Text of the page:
I started ROOM TO DREAM by Kristine McKenna and David Lynch and then put it down. Here’s the idea: McKenna writes a chapter of David Lynch biography, and then Lynch writes a chapter commenting on McKenna’s preceding chapter. And, frankly, the first few chapters bored me enough that I put the book down. McKenna had nothing engaging to say about Lynch’s childhood, and neither did Lynch. Which tends to be an issue for me with biographies anything. Very few of us do much of interest when we’re eight. Anyway, I picked it up again the other night and decided to skip ahead to see if it got better.
Alan Splet worked with Lynch to create a wildly original audio-scape for Blue Velvet. When Dorothy and Jeffrey make love, we hear a groaning roar that morphs into the sound of a guttering flame; Frank Booth erupts with rage and we hear a metallic screech; the camera journeys into the interior of a rotting human ear and the sound of a sinister wind seems to deepen and expand.
“David has a wonderful handle on how to combine images and sound,” said Elmes. “There’s a scene where Kyle wakes up in the morning after being beaten, and the first image you see is a close-up of his face in a puddle. All you see is dirt and water and you hear this strange repetitive sound, but you have no idea where you are. Then you pull back and see he’s in a logging yard and that the sound you’re hearing is a sprinkler keeping a stack of wood wet. The quality of that sound is magical. If it had been the sound of birds it wouldn’t have given you anything, but there was something about that mechanical unexplained sound that made it special. David has an understanding of how things go together that’s purely sensory-based, and he knows how to play with sounds and images until they sort of ignite each other.”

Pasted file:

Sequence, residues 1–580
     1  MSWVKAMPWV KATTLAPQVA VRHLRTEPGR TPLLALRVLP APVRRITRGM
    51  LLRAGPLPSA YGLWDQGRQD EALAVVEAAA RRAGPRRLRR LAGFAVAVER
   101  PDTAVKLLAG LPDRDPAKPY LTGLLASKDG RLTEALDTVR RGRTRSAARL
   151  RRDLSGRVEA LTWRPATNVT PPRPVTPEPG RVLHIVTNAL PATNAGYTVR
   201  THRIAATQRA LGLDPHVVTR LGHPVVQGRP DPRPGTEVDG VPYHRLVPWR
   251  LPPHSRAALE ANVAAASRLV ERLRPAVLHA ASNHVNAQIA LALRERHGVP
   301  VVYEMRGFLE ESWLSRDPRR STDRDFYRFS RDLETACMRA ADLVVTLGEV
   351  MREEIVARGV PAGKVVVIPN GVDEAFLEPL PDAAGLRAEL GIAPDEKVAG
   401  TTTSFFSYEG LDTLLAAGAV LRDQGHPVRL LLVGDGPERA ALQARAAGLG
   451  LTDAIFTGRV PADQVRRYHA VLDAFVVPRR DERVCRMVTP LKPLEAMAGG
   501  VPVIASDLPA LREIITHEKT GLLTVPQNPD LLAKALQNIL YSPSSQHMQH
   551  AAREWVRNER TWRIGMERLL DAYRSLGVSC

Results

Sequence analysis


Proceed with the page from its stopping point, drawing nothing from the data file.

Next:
As most of you know, I’m working on audio dramas right now, so that bit just nailed me to the floor. Once the book gets going, you get multiple viewpoints on Lynch’s working practises. I’d have liked a little more on INLAND EMPIRE, one of my very favourite Lynch films, but the book becomes littered with interesting or curious little details. McKenna, a very readable writer, does interview around Lynch, and gets forensic on occasion, and Lynch tells stories. Lynch on Robert Blake: “His parents put him on the stage when he was three years old and he hated his parents, his mom in particular. I remember him saying, “I hated being in her womb.”” Blake’s gig on LOST HIGHWAY was his final film role: some years later, he was accused of the murder of his second wife, acquitted in criminal court but found liable in civil court. That one line from Blake in that anecdote absolutely chills me.
Lynch’s career fascinates me. He’ll try anything, without fear. Film, tv, painting, music, sculpture, whatever moves him in the moment. He also seems incredibly selfish, and every in his world is bent towards making the space for his art. He is, of course, a huge advocate of Transcendental Meditation, which is a kind of pay-as-you-go Zazen, but, hell, it seems to work for him. I doubt it’s the superpower that people attribute to him, but I can see how deep meditation twice a day for decades could lend him that fearless resilience. The use of meditation is that it is, essentially, a procedure for disconnecting from the jabbering superprocessor in the front of your brain and turning your head into a river.
Anyway. If you’re interested in Lynch, this book is more valuable than it immediately appears, and worth taking a look at.
And then I went to rewatch INLAND EMPIRE (“I kick him in the nuts so hard they go crawling up inside his brain for refuge!”) and a bunch of TWIN PEAKS: THE RETURN episodes.